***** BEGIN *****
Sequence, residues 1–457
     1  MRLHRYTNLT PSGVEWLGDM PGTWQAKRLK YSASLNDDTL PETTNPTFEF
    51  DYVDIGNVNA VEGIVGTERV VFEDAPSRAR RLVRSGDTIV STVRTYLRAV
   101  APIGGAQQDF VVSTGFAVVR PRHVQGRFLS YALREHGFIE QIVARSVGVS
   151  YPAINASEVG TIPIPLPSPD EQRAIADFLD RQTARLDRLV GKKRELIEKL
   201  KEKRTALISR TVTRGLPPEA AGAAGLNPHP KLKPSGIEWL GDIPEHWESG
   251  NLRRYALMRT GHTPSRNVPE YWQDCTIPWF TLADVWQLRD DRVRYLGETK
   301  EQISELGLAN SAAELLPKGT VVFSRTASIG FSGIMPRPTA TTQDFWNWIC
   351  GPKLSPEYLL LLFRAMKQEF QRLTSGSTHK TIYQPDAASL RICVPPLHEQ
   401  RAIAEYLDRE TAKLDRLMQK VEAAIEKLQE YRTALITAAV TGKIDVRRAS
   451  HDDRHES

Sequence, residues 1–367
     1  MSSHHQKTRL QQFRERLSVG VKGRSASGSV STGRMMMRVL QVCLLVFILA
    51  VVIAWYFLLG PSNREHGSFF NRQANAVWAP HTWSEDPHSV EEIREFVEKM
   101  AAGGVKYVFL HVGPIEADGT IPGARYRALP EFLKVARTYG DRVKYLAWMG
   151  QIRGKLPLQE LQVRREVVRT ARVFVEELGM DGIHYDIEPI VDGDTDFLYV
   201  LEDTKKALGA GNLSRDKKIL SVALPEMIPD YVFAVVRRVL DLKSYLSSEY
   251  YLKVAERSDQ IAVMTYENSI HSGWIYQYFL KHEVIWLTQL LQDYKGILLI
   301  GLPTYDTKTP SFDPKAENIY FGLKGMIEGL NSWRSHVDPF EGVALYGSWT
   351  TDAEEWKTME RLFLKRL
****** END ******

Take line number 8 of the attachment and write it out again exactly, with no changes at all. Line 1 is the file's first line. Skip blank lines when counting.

   301  EQISELGLAN SAAELLPKGT VVFSRTASIG FSGIMPRPTA TTQDFWNWIC